I am curious to hear from you out there – what is your video editing tool of choice?  I am always looking for new ideas!

The Modern “ScanTron”

UPDATE: See my post on introducing GradeCam to my faculty for the 2014-2015 school year!

As a student, I dreaded ScanTron tests.  In high school, one of my classes was right across the hall from where the ScanTron grading machine was located, and I remember constantly hearing a noise, which can only be described as a machine gun-like, as the teachers shot the answer sheets through and the grader marked incorrect answers.  I never thought much of it until I was a first-year teacher myself, and my school was fortunate enough to have a ScanTron machine.  Each time I shot answer sheets through, I would cross my fingers, hoping for a “quiet” passage, cringing every time I heard that all too familiar rapid-fire of wrong answers being marked.

While I think ScanTrons are fairly common in high schools, they are much more rare at the lower levels.  When I worked in an elementary school, we did not have a ScanTron machine which, while not the end of the world, would have made the grading process for end of unit exams, much, much easier.  Many schools, in fact, are like this – there are teachers that, if they had this technology available to them (ScanTrons are fairly expensive and some schools can’t justify the cost), would most likely use it.  This is what lead me to find these two great programs, both of which attempt to solve the “ScanTron-less School” issue.

Created by a team of educators through a KickStarter fund, this website and iPhone/iPad app combination work similarly to a traditional ScanTron machine.  Teachers load students into the program, either through their mobile device or computers, and then print out the program’s unique answer sheets.  These answer sheets can be used in conjunction with any previsouly created test, quiz, or exam.  Teachers then use their mobile devices to scan the answer sheets.  Answers are uploaded directly to the program, allowing for teachers to see quiz item analysis, student progress, and download CSV files to upload to nearly any gradebook (their claim).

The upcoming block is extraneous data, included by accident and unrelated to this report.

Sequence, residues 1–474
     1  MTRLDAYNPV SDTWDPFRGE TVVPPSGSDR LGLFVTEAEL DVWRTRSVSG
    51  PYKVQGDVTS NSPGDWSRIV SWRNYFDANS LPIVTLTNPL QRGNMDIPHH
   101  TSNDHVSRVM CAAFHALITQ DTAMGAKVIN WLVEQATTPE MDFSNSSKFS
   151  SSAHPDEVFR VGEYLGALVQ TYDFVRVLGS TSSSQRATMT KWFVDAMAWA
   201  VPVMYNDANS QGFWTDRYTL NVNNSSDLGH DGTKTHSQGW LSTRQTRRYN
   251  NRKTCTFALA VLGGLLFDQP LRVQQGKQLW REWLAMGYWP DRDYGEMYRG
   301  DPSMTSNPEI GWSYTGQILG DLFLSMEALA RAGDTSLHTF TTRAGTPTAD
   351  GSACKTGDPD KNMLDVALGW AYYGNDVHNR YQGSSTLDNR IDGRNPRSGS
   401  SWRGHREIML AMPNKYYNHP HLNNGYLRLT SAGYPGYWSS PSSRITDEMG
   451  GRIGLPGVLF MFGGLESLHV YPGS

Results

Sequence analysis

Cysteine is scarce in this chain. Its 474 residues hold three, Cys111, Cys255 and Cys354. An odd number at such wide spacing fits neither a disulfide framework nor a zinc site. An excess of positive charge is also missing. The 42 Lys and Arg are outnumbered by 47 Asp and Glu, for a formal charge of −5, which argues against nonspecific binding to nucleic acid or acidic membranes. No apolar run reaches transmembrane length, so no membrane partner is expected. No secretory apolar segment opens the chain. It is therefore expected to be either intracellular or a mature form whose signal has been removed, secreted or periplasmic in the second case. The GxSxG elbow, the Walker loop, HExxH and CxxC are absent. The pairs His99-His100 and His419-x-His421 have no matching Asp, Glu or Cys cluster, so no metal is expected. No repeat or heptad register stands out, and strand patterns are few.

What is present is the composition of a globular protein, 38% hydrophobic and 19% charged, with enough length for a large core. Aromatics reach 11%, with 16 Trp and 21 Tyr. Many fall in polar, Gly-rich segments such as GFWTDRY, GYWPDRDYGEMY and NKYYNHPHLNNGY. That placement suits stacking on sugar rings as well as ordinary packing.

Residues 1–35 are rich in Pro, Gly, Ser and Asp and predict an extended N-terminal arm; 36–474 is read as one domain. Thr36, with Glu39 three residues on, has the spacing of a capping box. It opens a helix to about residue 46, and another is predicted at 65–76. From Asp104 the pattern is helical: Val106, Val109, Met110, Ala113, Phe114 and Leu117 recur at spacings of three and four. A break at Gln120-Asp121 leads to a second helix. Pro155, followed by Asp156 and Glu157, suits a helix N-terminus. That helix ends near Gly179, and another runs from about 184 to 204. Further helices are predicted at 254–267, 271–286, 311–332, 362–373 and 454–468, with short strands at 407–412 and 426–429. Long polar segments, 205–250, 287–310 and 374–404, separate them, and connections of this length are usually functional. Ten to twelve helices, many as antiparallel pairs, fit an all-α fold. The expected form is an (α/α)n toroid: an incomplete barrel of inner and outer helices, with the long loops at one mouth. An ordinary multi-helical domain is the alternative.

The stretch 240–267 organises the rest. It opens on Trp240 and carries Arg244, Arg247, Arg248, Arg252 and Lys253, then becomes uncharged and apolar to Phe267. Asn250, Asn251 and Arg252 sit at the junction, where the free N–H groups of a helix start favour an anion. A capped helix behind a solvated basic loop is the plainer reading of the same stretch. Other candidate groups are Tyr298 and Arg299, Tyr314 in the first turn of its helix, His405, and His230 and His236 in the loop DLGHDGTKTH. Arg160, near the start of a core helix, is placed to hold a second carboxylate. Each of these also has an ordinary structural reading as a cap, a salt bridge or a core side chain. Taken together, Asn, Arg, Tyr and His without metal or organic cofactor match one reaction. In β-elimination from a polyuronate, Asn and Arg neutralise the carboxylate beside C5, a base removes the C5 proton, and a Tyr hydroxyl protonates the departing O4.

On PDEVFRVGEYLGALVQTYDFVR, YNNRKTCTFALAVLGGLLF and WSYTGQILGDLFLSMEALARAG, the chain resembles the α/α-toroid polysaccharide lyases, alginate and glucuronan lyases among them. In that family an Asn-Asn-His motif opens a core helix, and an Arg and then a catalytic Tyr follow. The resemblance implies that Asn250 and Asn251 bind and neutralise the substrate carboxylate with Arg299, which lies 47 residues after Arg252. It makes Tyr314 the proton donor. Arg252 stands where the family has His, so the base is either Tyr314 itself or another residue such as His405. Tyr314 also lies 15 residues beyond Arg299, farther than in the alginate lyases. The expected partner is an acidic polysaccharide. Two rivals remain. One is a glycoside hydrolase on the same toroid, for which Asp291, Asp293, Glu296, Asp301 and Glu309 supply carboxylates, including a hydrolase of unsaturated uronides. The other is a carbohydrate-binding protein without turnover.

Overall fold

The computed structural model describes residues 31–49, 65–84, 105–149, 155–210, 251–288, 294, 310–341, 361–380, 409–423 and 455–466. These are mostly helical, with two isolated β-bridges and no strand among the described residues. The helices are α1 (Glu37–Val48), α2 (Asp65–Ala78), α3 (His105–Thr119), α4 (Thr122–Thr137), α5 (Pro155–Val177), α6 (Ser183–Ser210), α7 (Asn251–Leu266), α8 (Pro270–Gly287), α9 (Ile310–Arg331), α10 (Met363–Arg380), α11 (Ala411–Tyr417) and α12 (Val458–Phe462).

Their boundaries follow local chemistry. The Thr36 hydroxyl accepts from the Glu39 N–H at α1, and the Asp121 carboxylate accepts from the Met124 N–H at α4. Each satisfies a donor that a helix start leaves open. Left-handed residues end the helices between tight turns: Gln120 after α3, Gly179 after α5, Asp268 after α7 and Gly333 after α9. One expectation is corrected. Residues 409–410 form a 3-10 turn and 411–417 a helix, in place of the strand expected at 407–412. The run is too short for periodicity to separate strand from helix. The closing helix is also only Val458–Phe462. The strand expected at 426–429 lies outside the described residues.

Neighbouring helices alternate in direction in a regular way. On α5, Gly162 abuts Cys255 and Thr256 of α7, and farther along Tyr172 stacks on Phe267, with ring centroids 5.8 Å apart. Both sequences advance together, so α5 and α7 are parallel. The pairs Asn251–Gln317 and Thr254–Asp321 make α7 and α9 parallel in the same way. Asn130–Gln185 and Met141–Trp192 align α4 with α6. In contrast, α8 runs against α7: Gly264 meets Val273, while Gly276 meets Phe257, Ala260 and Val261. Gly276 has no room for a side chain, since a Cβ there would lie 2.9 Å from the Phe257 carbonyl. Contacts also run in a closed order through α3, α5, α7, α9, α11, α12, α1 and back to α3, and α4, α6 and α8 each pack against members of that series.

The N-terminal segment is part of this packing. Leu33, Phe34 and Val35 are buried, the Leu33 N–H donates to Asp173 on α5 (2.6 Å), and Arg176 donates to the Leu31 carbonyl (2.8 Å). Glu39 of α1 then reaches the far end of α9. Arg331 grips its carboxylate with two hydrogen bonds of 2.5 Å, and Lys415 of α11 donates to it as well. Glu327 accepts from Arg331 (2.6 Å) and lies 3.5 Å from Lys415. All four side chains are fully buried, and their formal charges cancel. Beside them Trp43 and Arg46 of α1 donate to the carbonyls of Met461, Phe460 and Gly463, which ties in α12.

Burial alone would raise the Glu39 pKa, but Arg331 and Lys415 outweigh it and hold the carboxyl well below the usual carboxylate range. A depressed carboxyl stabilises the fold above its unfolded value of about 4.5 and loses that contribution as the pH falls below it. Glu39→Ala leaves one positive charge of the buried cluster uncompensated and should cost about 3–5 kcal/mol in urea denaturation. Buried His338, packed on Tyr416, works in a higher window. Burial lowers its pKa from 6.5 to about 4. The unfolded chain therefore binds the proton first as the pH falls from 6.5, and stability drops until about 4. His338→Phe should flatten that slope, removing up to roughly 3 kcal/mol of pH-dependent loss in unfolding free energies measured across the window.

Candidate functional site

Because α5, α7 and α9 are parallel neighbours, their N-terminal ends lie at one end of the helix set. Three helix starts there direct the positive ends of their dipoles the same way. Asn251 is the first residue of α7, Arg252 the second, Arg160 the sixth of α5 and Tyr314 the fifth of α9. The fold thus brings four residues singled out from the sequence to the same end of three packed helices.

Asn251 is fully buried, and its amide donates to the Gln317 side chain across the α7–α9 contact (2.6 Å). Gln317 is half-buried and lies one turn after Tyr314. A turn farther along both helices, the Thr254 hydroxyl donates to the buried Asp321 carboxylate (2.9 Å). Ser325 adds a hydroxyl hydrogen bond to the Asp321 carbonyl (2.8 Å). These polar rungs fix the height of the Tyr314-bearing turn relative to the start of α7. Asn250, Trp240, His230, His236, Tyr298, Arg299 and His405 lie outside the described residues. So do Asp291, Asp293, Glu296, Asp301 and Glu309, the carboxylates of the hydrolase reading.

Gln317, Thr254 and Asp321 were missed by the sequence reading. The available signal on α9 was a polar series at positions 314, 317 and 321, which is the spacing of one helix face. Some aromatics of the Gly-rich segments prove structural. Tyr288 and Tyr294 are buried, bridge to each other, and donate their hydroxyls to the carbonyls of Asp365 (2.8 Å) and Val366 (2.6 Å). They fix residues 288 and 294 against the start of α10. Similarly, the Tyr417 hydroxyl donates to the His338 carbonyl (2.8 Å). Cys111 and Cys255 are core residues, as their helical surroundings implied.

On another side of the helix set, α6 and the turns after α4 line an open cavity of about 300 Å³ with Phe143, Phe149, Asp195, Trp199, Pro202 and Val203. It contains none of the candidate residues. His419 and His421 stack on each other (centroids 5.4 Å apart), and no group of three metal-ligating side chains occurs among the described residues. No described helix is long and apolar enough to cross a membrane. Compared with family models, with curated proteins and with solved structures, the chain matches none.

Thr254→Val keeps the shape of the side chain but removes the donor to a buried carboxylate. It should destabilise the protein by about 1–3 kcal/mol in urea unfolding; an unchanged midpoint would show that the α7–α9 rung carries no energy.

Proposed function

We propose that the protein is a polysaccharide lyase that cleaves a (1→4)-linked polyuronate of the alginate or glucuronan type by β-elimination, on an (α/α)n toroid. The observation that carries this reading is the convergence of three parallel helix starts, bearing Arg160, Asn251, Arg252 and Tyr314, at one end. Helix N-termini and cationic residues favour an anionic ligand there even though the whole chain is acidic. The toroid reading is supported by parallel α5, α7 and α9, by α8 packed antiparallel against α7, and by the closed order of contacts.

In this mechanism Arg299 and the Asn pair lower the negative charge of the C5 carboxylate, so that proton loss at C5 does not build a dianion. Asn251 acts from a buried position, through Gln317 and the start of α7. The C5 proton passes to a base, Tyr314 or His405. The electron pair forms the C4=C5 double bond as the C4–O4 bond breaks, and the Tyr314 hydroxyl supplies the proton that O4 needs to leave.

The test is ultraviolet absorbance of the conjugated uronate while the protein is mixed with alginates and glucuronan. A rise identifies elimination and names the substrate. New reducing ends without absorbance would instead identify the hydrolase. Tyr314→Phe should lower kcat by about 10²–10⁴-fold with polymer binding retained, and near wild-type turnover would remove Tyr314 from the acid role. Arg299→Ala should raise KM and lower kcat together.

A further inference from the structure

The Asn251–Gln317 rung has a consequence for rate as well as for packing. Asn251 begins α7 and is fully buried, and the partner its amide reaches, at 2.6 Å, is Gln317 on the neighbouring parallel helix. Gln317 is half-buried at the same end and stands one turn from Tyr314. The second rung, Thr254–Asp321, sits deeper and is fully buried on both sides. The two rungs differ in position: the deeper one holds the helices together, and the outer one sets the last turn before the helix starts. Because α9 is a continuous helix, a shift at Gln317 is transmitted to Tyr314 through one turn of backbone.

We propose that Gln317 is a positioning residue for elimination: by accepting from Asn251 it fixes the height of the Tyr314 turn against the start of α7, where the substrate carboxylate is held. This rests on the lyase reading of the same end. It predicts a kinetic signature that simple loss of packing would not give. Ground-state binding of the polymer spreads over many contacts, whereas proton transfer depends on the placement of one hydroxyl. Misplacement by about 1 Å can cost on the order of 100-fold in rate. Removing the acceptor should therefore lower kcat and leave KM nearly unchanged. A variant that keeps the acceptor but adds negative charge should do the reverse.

Pros:

  1. FREE to use
  2. up to 30 questions per quiz/test/exam
  3. iPhone/iPad app to scan answer sheets (from developer – Android app in development phase)
  4. item analysis and student progress can be accessed from phone or computer
  5. still in the beginning phases, so lots of new updates can, hopefully, be anticipated (confirmed by developer)

Cons:

  1. Answers need to be bubbled in extremely dark (think black pen or marker) to be scanned
  2. website is basic, although it gives all the needed information
  3. answer sheets need to be printed – making copies from a blank master sheet tends to not work well when it comes time to scan
photo 1 (1)

QuickKey answer sheet with bubbles filled in with heavy, black pen in order to register on the scanner.